Healdsburg Fest Showcases Diasporic Tributaries to Mainstem Jazz

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Soul-jazz tenor icon Houston Person with drummer Sylvia Cuenca at this year’s Healdsburg Jazz Festival.

(Photo: John Nelson)

“All killer, no filler” is a good descriptor for Healdsburg Jazz Festival’s 26th anniversary edition, which transpired June 15–23 at various venues in the Sonoma Valley town of Healdsburg, California, population 11,340, home to two Michelin-star restaurants, numerous vineyards and an affluent local donor base with surplus disposable income sourced, in large part, from present or former ties to Big Tech. Artistic Director Marcus Shelby, the protean San Francisco/Oakland/Berkeley-based bandleader-bassist-composer, curated a compelling pan-generational program with artists ranging from 20-something to 80-something, showcasing the various diasporic tributaries of the mainstem jazz river circa 2024.

On day one of this year’s fest, an equivalently multigenerational audience of several hundred witnessed a free Saturday afternoon triple-bill in Healdsburg’s public square. First up was Portland-based pianist Darrell Grant’s MJ New Quartet. Constant counterpoint between the leader and fluent Portland vibraphonist Mike Horsfell, and nuanced MJQ-like swinging by Shelby and drummer Cecil Brooks III (a recent California transplant), marked Grant’s programmatic originals — such as “Vanport,” from his recently dropped Our Mr. Jackson — and percolating arrangements of chestnuts like Duke Ellington’s “Drop Me Off In Harlem” and Horace Silver’s “Juicy Lucy” on which Grant concertized, refracting first Oscar Peterson and then Wynton Kelly into his own sophisticated argot.

Next was Person to Person, a quintet joining 61-year-old altoist Eric Person and 89-year-old soul tenor icon Houston Person. Shelby triangulated another impeccable rhythm section, with pianist Adam Klipple and drummer Sylvia Cuenca, making the first of many appearances during the week. The saxophonists’ conversational affinity came through on Illinois Jacquet’s seductive “Black Velvet,” Benny Carter’s samba “Only Trust Your Heart” and Shirley Scott’s sax-battle-friendly “Blues Everywhere.” The younger Person showcased bebop bona fides on “What Is This Thing Called Love,” soaring atop Cuenca’s crisp beats. The elder Person belied his somewhat frail appearance with his still-declarative, vocalized sonic signature on “Try A Little Tenderness,” a medium blues called “Why Not” and Johnny Mandel’s “The Way We Were.” Klipple, another recent New York transplant, navigated Cedar Walton/Red Garland/Wynton Kelly/Bud Powell vocabulary with aplomb and wit, juxtaposing fleet single-note lines, block chords, parallel octaves and many apropos quotes within the flow.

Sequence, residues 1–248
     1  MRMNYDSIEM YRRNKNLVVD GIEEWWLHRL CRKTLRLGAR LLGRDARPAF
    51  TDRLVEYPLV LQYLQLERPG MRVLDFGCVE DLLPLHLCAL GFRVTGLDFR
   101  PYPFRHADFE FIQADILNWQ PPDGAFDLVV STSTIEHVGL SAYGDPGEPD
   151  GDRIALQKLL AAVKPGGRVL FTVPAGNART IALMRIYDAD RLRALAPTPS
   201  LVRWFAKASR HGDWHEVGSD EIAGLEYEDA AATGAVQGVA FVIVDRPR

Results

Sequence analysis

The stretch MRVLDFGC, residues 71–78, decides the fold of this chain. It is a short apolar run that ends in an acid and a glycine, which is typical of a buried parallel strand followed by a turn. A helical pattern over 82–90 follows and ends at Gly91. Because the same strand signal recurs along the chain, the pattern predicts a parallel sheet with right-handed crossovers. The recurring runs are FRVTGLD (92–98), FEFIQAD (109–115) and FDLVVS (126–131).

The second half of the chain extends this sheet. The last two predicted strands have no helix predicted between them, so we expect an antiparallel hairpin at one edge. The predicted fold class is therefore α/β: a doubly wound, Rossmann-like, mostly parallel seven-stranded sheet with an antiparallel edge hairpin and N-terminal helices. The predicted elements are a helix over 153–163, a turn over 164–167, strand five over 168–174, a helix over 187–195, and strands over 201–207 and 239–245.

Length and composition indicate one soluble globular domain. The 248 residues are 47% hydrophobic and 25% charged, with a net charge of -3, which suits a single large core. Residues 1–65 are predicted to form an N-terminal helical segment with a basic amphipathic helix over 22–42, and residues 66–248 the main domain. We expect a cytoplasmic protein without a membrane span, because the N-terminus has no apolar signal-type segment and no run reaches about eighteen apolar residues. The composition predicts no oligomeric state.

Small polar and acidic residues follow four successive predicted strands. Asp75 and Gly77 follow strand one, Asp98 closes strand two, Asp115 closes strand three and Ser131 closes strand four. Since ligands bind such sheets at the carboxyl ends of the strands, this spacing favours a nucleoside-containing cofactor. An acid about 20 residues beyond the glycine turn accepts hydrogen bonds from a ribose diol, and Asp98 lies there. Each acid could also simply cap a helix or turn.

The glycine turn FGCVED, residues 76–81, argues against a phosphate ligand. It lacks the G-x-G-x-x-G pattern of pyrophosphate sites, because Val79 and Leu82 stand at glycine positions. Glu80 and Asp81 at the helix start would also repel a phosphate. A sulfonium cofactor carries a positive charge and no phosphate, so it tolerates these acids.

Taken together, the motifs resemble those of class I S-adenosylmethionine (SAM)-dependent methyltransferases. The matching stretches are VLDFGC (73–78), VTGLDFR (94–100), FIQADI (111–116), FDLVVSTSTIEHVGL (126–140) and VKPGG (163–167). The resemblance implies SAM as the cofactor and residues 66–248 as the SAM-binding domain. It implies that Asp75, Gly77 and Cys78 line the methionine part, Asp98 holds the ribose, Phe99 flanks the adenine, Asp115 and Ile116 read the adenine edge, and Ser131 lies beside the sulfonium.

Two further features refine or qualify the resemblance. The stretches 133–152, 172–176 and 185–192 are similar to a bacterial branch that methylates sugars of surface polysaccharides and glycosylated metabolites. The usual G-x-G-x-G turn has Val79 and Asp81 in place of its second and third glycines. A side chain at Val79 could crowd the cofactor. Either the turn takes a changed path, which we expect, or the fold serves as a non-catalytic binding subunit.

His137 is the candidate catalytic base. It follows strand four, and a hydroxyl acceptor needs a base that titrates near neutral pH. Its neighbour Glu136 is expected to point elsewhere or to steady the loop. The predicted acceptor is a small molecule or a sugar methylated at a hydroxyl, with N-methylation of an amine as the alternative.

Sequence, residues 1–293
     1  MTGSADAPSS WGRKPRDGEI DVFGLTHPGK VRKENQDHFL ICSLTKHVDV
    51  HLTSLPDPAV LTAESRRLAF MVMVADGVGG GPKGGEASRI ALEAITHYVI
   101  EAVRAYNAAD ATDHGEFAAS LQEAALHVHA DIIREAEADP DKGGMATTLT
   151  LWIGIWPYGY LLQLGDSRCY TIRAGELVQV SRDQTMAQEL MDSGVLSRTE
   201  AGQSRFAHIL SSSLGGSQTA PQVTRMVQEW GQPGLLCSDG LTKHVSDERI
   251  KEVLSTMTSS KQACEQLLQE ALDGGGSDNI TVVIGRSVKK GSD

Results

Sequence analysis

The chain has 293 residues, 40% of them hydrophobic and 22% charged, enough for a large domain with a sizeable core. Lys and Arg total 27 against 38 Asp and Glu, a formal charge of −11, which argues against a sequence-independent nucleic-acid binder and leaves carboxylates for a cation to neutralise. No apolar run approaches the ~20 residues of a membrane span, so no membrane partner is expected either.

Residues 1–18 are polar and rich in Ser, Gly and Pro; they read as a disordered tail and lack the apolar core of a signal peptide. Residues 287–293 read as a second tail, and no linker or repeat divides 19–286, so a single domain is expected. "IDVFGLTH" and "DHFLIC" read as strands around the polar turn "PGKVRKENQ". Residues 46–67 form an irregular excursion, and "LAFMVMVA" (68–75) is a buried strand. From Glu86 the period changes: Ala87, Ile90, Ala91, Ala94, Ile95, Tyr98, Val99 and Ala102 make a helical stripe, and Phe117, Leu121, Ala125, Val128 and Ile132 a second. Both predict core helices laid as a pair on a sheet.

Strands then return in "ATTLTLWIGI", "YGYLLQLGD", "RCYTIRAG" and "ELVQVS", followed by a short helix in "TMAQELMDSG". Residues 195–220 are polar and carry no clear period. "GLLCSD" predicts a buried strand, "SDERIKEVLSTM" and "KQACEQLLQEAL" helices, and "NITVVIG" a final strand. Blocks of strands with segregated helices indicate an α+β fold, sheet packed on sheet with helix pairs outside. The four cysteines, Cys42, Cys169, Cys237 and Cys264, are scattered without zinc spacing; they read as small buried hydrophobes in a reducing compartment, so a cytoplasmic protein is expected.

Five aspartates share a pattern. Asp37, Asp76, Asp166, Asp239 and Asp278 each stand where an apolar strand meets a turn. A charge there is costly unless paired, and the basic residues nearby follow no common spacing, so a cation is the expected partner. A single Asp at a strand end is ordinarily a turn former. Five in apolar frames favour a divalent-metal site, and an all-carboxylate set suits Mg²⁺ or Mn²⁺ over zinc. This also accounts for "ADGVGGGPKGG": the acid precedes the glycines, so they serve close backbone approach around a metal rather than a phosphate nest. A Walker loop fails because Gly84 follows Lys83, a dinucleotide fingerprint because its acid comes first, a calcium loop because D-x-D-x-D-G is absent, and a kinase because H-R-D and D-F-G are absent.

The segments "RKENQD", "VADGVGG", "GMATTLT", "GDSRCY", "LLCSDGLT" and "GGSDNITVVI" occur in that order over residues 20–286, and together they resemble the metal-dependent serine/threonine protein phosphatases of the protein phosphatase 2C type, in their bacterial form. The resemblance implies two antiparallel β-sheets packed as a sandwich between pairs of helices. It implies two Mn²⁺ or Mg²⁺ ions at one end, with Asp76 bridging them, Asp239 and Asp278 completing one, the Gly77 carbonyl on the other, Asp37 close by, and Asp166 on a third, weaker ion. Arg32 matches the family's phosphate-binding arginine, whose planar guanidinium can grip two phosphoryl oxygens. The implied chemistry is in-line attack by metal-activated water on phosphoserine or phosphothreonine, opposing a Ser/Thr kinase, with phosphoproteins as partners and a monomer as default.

Another grandmaster, trombonist-shellman Steve Turre, 75, assembled a strong sextet with tenor saxophonist (and SNL-bandmate) Ron Blake, trumpeter Wallace Roney Jr., pianist Xavier Davis, bassist Dishan Harper (Winard Harper’s nephew) and drummer Orion Turre (his son) to play mostly repertoire from the 2022 album Generations. The meticulously arranged, well-rehearsed, rhythmically diverse set upheld J.J. Johnson’s comment, “Steve Turre is in complete command and control of Steve Turre,” from a long-ago liner note. The timeline stretched from Lawrence Brown (“Dinner With Duke”) to reggae (“Don D”) to late 20th century modern (“Planting The Ceed”); Turre concluded a satisfying day with his sui generis conch shells concept on “All Blues.”

Sunday brushfires in the northeast foothills placed a literal and figurative cloud over Samara Joy’s concert before about 1,200 witnesses at Kendall Vineyards, 10 miles down the road in Santa Rosa. Serendipitously, the air cleared by hit time, allowing the 24-year-old double Grammy winner and her four-horn septet of generational contemporaries to present a spectacular 11-tune set of primarily new compositions and arrangements from her forthcoming fall release on Verve. Joy opened with an aria-like declamation of her lyrics to Charles Mingus’ “Reincarnation Of A Lovebird,” arranged by tenor saxophonist Kendrick McCallister, concluding the bravura overture with descending arpeggios that landed squarely on opening notes of the band’s entrance, as though Sarah Vaughan was singing on a 1960 Mingus date instead of Honey Gordon. McCallister, trumpeter Jason Charos, alto saxophonist Dave Mason and trombonist Donavan Austin exchanged solos, morphing into a free section, then setting up Joy’s forte declamation over Jacob Smith’s drum vamp. (Smith, Charos, Mason, Rohrer attended Frost School of Music; Joy, McCallister and Austin are SUNY-Purchase alums.)